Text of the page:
China is gradually assuming the responsibilities of a leading producing and consuming nation. A nation that will be playing an ever-more significant role in global environmental affairs. In this section we explore 10 issues important for China in developing an internationally-satisfactory, domestically-productive environment and development relationship.
Issue 1 – Enhancing Domestic Performance on Environmental Regulation and Enforcement, Pricing, and Environmental Planning and Management within China
The reality for all nations is that effective domestic action is essential as the basis for solving regional and global issues. China is no exception. Better enforcement of existing laws and regulations, further implementation of taxation and pricing measures, and improvements in environmental governance and institutional coordination, are areas that everyone realizes have to be improved. The years ahead will bring the additional challenge of integrating provisions from a number of MEAs into domestic environmental management. This will require significant new measures related to many sectors such as energy, transportation, agriculture, industry and water resources.
As the case of compliance under the Montreal Protocol reveals, basic implementation of any major agreement will take a decade or more. The agreements tend to become more stringent over time, so that full implementation may well take 20 to 30 years or more. CITES is still not meeting its goals even after such a long time span. The hard issues associated with the Climate Change Convention are still in the future. We can presume that the period after 2010 will be exceedingly important for China to address a complex, highly interactive set of domestic and international environment and development implementation needs.
Increasingly, the world will view China as a major economic force and innovative leading industrial nation rather than as part of the developing world. There will be rising expectations concerning environmental stewardship in all of China’s actions.
Issue 2 – Reducing the Impact of China’s Activities on Global Resource and Environmental Conditions
The review of market supply chains in Case Study 1 reveals just how significant China is becoming in its draw upon natural resources from many parts of the world. There is little question that China will have a major impact on sustainable resource use. The impacts are not necessarily negative. If some lands can be turned into more productive use, there may be major benefits. But the pressure on tropical forests, coral reefs, ocean fisheries and some agricultural lands is likely to be severe, and biodiversity losses high. There are three key points:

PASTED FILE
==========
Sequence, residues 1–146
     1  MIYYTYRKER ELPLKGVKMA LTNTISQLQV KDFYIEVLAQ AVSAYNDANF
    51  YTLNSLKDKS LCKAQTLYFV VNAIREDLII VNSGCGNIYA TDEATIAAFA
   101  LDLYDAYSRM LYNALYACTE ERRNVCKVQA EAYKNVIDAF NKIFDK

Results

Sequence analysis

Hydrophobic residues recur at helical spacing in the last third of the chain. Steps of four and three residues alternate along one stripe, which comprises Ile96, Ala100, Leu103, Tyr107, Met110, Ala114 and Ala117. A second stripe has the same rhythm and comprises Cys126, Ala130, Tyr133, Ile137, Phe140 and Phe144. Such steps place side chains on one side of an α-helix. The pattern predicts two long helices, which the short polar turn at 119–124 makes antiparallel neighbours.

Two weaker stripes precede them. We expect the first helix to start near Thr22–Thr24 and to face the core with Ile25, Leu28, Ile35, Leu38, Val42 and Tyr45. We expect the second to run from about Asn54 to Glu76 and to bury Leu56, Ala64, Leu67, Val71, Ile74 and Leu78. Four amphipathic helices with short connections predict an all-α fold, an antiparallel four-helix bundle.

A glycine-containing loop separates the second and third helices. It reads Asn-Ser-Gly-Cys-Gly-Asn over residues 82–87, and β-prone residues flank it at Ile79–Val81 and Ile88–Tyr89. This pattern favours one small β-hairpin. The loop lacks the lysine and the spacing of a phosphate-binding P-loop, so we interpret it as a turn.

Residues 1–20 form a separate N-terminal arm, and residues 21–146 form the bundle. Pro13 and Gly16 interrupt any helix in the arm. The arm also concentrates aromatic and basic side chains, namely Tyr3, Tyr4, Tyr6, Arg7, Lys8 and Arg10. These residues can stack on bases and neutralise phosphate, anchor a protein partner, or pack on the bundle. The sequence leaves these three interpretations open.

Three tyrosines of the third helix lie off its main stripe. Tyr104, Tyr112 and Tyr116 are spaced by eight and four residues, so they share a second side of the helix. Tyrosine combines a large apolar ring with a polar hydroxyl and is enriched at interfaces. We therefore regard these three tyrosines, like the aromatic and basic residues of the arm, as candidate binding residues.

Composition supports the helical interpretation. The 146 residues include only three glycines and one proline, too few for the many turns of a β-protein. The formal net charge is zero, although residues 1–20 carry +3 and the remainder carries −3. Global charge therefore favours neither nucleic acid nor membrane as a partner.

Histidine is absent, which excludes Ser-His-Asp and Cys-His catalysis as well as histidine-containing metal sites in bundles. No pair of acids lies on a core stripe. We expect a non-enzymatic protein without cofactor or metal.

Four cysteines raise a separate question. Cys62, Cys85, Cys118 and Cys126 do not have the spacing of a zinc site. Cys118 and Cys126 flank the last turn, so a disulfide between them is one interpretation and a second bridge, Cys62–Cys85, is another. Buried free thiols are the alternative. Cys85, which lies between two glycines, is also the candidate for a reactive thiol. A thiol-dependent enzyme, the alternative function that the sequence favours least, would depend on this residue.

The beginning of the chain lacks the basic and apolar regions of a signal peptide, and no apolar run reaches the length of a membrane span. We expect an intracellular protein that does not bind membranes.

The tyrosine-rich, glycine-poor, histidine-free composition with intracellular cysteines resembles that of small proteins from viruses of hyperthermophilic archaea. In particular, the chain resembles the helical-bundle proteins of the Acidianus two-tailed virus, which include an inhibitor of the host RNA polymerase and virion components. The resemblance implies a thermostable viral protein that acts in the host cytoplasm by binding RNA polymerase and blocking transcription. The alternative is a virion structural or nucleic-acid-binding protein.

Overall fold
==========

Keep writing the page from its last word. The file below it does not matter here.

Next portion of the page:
- How China can continue to access the resources needed for its high rate of growth, while strengthening its own domestic capacity for efficient use of raw materials and improving environmental protection.
- How China can deal with individual supply sources to reduce supply chain environmental impacts created in meeting its domestic and export-oriented economic needs.
- How global and regional environment and sustainable development efforts can be furthered through Chinese commitments and involvement.
These are big points, all relating back to China’s dual role of meeting the material needs of its own people and secondly, continuing to be “workshop to the world,” but perhaps under more stringent environmental conditions. It is inescapable that China these circumstances needs to pay particular attention to its ecological footprint—in considerably more detail than most other developing nations. Many of the issues described below relate back to particular aspects of the three points mentioned above.
Issue 3 – Avoiding Pathways Taken by High-consuming Nations
The unrestrained appetite for consumer goods in regions of North America, Europe and elsewhere is unsustainable. But applying the brakes at the present time on China’s role in supplying cheap goods would damage China’s economic engine, at least in the short run. It cannot be China’s burden or responsibility to ensure sustainable consumption patterns on the part of all trading partners. Arguably,China’s low production costs have abetted the continued growth of global consumerism by lowering the cost of goods. Certainly there is an accumulating environmental deficit growing inside China, regionally and even globally as a consequence of limited environmental management as export-oriented production escalated within China. Even if China were now to address these concerns satisfactorily, some other developing countries would take over and emulate the Chinese economic growth model of the last decades. Thus, while fullcost pricing and better trade and investment rules should help, if implemented fairly around the globe, these do not constitute a sufficient solution to unsustainable consumption. The responsibility should remain primarily with measures taken by the consuming nations.